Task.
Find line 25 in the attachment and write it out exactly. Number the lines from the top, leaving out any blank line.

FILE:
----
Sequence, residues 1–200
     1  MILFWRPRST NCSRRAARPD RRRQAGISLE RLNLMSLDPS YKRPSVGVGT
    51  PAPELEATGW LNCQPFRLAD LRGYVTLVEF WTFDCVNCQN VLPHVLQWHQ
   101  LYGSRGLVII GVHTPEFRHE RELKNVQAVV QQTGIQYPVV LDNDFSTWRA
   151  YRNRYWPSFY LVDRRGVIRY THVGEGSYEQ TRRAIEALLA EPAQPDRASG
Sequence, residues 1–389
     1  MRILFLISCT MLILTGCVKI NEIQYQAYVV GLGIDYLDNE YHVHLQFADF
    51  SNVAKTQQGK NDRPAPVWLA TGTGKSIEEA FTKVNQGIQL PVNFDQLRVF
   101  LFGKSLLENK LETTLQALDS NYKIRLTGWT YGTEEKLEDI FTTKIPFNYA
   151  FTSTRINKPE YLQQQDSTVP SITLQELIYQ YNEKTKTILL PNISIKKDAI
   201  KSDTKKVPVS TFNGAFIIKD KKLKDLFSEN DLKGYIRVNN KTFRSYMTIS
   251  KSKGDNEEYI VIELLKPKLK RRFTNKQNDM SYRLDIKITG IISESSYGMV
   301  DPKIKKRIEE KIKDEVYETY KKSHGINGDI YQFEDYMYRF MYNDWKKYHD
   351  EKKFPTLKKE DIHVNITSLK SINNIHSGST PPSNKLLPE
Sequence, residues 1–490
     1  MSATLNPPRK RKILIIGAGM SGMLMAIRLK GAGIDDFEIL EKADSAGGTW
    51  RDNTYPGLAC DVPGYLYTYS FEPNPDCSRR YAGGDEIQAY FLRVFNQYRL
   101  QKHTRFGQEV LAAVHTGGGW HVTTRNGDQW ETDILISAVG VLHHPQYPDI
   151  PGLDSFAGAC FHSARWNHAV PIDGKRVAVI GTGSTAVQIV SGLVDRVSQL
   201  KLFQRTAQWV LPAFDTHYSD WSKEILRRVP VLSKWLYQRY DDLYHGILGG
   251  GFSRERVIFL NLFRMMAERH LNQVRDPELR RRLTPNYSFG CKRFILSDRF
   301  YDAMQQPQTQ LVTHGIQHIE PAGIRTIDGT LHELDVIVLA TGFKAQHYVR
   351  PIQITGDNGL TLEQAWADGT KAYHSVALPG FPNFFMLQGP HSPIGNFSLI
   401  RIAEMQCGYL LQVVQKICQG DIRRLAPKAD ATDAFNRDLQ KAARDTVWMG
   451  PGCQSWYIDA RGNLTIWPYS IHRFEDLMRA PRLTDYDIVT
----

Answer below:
   451  PGCQSWYIDA RGNLTIWPYS IHRFEDLMRA PRLTDYDIVT